International Sociology and International Sociology Reviews

Topic of the Month, August 2020

The Concept of Trust

‘The concept of trust’ is our Topic of the Month for August 2020. On this topic, enjoy Free Access all month to this article by Jack Barbalet (Institute for Religion, Politics and Society, Australian Catholic University, Australia) published in International Sociology, Trust: Condition of action or condition of appraisal. Read on to know more about the author’s trajectory and work:

Jack Barbalet

What made you get engaged on that research?

J. Barbalet: Trust, as a research theme, is well developed in social science today, including in social psychology, in management and organization research, and of course in sociology research. The purpose or outcome of the vast body of this research is to demonstrate the efficacy of trust for social cohesion or solidarity. As a matter of fact, though, in our daily lives, no matter what we think or say about trust, the absence of trust and even broken trust has relatively little impact on our actual behavior. Do you really trust the Dean of your Faculty, or your Department Head? Possibly not. Does an absence of trust in the Dean undermine the effective working of the Faculty? Probably not. In fact, an even worse possibility regarding trust is that it might be a trap. A judge asks the defendant: “How could you cheat all those people who trusted you?” The defendant replies: “I could only cheat them because they trusted me.” It was these types of considerations that led to the article “Trust: Condition of Action of Condition of Appraisal,” published just over a year ago.

I have had a research interest in trust for some time, beginning with an article I published in 1996, “Social Emotions: Confidence, Trust and Loyalty” and another in 2009, “A Characterization of Trust, and its Consequences,” both of which were focused on emotional aspects of trust (see also Barbalet 2011). Two things in particular prompted the present article against the background of this prior interest in trust. One was the realization that trust research in sociology is actually quite recent, effectively beginning in the 1980, while social solidarity – for which trust is frequently held to be responsible – is original in human societies. The other realization that stimulated this article was that there are non-trust bases of social solidarity that are important, and in non-Western societies render trust, as we understand it, more or less absent. This latter realization came from my research on Chinese society and especially research on guanxi or Chinese connections (Barbalet 2014, 2015, 2017, 2018). These issues are discussed in the article. There is a third realization, also developed in the article, namely that the trust discourse of social actors requires an institutional context, almost never treated in research on trust.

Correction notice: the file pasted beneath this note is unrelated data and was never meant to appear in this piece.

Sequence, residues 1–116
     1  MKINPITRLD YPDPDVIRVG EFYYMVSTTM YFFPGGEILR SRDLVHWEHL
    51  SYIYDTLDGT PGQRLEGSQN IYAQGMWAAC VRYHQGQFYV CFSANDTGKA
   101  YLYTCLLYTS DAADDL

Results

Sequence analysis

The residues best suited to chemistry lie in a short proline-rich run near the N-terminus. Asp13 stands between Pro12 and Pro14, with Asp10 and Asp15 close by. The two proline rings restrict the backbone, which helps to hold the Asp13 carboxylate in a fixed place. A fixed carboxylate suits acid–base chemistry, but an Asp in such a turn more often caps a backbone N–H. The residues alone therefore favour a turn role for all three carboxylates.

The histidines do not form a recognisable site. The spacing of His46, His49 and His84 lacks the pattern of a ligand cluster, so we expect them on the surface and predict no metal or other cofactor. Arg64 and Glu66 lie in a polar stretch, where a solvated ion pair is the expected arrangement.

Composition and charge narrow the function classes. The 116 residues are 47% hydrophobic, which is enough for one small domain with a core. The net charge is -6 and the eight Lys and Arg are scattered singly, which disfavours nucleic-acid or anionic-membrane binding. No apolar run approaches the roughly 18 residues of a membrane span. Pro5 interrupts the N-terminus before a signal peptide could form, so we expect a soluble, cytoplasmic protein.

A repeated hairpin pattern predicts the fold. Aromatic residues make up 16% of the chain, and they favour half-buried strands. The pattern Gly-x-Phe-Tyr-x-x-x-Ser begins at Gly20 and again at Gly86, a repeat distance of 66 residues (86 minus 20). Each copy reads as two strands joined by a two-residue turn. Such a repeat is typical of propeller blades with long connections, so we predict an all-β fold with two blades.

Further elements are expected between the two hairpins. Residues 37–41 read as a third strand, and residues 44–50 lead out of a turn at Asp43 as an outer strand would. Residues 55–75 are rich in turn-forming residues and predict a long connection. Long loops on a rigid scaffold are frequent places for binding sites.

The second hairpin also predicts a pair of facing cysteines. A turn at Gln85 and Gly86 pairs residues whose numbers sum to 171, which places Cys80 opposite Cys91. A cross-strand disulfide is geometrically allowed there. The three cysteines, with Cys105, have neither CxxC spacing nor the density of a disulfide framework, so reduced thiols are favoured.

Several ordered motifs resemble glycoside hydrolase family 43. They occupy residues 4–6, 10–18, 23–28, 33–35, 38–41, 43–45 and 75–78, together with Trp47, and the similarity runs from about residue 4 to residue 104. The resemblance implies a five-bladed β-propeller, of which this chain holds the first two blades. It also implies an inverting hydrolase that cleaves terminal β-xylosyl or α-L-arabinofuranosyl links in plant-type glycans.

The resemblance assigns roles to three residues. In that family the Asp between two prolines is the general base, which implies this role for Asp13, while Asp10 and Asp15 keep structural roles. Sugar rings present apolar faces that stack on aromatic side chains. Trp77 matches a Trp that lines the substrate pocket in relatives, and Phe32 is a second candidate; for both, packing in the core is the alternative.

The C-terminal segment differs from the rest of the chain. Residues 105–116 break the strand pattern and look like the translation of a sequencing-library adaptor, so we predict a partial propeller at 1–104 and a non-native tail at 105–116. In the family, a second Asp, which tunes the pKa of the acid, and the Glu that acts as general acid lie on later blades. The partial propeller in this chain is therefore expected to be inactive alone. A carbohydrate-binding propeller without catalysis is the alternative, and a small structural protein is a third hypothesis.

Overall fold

What would you emphasize about your academic trajectory?

J. Barbalet: Academic trajectories can be recounted in different ways. In terms of my research interests, I have focussed on a number of key themes, including the bases of social interaction and also its institutionalization, as well as the nature and foundations of social solidarity in various publications over my career. I’ve explored these themes across a number of sub-fields of sociology, especially in political sociology, economic sociology, the sociology of emotions and the sociology of modern China. The approach I’ve taken in my research begins with conceptual refinement and theory development. These are directed to understanding social change and societal transition.

My undergraduate degree is from the Flinders University of South Australia and my PhD from Adelaide University. My first academic appointment was at the University of Papua New Guinea and the longest held at the Australian National University. Since then, I have had appointments at the University of Leicester in England as well as Hong Kong Baptist University. I am currently a research-focussed professor in the Institute for Humanities and Social Sciences at the Australian Catholic University and a Visiting Fellow in the department of Political and Social Change at the Australian National University.


Barbalet, J. (1996). Social Emotions: Confidence, Trust and Loyalty. International Journal of Sociology and Social Policy. 16 (8/9): 75-96.
Barbalet, J. (2009). A Characterization of Trust, and its Consequences. Theory and Society. 38(4): 367-82.
Barbalet, J. (2011). Emotions beyond Regulation: Backgrounded Emotions in Science and Trust. Emotion Review. 3(1): 36-43.
Barbalet, J. (2014). The Structure of Guanxi: Resolving Problems of Network Assurance. Theory and Society. 43(1): 51-69.
Barbalet, J. (2015). Guanxi, Tie Strength and Network Attributes. American Behavioral Scientist. 59(8): 1038-50.
Barbalet, J. (2017). Dyadic Characteristics of Guanxi and their Consequences. Journal for the Theory of Social Behaviour. 47(3): 332-47.
Barbalet, J. (2018). Guanxi as Social Exchange: Emotions, Power and Corruption. Sociology. 52(5): 934-49.